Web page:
Yash Raj Films is attempting to go where no producer has since 1989, at least. The film production company has been working towards taking its latest offering 'Dhoom 3' to Srinagar. The cultural landscape in the Kashmir Valley has been pitifully bleak, especially since cinema houses were closed down 24 years ago, at the beginning of armed insurgency.
While extremists burned many of the theatres to ashes, others were shut down. Even as some of them limped back to life subsequently, the population has remained wary of them, lending the reopened cinemas an air of gloom and desolation.
But true to its trademark style of shirking grim reality and making things larger than life, YRF is attempting to do the impossible. Representatives, led by Aditya Chopra, have been in talks with the concerned authorities and the J&K government to get them to release their next film, Dhoom 3 in a theatre at the capital.
The YRF officials have already made three trips to Srinagar, to try and make the mission a success. With the theatres gone, people in the city have had to resort to pirated CDs and DVDs at home for Hindi movies, which they watch on TV. Aditya Chopra is hoping to break this pattern and pave the way for other film screenings, and lift some of the catatonia that has descended upon the silent valley. YRF’s local distributor has been constantly liaising with the theatre owners.
Interestingly, even as the government and the local authorities have promised security for the release of the film, theatre owners are still anxious about the re-opening, fearing a backlash of some kind. If YRF succeeds in getting at least one theatre to open and screening even a single show, it will be a pathbreaking move.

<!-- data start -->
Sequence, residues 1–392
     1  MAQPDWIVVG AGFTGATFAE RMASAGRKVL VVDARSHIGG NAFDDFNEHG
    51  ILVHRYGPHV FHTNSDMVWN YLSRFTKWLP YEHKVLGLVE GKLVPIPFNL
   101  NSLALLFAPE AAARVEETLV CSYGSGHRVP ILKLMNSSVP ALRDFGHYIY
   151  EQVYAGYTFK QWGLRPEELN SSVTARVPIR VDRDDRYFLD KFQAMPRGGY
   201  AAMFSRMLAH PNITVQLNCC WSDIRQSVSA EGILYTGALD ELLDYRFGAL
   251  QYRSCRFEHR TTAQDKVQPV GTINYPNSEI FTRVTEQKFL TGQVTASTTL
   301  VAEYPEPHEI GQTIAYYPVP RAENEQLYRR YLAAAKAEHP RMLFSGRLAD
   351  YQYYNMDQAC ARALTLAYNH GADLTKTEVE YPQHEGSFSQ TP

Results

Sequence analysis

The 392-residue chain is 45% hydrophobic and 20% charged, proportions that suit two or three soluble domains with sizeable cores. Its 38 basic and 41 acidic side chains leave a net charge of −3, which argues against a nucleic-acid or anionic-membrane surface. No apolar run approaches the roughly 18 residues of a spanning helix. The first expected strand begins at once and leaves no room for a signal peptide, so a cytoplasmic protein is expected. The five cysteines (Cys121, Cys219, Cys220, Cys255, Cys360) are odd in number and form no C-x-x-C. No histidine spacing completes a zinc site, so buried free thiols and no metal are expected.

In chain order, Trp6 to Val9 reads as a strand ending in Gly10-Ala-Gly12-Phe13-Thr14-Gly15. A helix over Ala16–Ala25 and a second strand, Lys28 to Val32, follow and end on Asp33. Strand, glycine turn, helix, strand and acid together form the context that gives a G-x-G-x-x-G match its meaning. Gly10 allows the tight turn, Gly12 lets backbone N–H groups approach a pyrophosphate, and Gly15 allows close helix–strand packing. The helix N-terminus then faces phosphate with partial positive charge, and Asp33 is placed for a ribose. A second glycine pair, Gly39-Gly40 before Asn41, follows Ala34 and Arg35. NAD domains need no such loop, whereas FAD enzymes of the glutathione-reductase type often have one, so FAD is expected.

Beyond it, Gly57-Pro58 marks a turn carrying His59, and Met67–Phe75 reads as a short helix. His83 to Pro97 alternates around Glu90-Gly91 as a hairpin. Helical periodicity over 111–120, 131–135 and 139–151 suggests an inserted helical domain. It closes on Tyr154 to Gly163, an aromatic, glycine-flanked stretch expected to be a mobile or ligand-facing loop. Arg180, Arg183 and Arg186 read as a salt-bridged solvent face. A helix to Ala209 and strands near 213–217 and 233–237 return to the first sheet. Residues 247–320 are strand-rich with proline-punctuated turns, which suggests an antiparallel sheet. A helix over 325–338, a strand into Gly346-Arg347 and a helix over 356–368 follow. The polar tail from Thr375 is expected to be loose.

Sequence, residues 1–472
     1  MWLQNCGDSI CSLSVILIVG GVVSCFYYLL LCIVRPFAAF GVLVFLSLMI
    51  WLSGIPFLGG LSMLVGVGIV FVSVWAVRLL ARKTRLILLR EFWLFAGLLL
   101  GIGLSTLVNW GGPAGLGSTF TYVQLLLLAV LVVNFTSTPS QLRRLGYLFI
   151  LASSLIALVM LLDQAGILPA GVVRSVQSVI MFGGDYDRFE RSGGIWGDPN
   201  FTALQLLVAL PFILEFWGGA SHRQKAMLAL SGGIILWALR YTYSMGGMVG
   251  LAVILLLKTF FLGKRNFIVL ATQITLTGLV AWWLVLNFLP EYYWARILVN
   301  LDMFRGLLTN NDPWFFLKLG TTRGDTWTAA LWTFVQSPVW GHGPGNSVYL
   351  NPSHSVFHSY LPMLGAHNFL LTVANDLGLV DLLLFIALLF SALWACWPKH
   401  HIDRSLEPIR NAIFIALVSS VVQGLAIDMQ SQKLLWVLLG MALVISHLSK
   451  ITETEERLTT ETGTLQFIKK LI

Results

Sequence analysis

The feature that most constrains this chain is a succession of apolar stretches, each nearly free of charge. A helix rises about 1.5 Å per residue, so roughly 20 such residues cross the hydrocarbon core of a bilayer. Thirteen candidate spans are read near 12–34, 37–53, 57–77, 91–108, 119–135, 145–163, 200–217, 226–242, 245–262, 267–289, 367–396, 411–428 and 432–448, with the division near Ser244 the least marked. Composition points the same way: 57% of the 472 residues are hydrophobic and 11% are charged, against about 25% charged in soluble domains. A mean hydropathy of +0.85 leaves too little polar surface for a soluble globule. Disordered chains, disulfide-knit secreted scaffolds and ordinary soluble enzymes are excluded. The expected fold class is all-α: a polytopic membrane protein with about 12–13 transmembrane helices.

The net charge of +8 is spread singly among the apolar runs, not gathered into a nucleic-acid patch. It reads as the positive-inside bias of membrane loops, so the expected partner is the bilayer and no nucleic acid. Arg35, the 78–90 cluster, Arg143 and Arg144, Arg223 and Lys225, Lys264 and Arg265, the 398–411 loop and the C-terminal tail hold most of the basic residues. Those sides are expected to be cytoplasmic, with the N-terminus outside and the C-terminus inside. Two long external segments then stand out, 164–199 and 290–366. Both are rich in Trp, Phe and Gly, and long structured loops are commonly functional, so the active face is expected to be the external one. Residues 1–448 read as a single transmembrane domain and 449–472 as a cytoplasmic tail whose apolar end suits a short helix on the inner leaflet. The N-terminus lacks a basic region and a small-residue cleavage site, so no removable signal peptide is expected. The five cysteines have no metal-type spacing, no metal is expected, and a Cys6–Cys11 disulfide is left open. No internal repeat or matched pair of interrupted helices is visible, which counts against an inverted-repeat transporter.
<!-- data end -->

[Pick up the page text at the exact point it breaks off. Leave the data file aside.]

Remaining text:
Just a while back, filmmakers resumed shooting in the valley. Parts of films like Yeh Jawani Hai Diwani, Student of the Year, Highway have been shot in Kashmir. Just last month, however, Vishal Bhardwaj faced a bit of a problem when he was forced to pack up the shoot of his film Haider at the university campus at Hazratbal. Students had disrupted the shooting of a terrorist attack.
The YRF spokesperson confirmed the development, saying, “Yes, we have been in touch with the local authorities in Kashmir to reopen a theatre. We are hopeful that it will happen.” It is also said that the local distributor of YRF films, Mr Puri, has assured the theatre owner that he need not pay them any money for the screening, as long as he musters enough courage to do it.
Cinema houses were closed down in Kashmir in 1989, since the beginning of armed insurgency. There were approximately 18 cinema houses the prominent ones being Broadway, Palladium, Neelam, Naaz and Regal. However, in 1999, Broadway, Neelam, Regal and a few others reopened.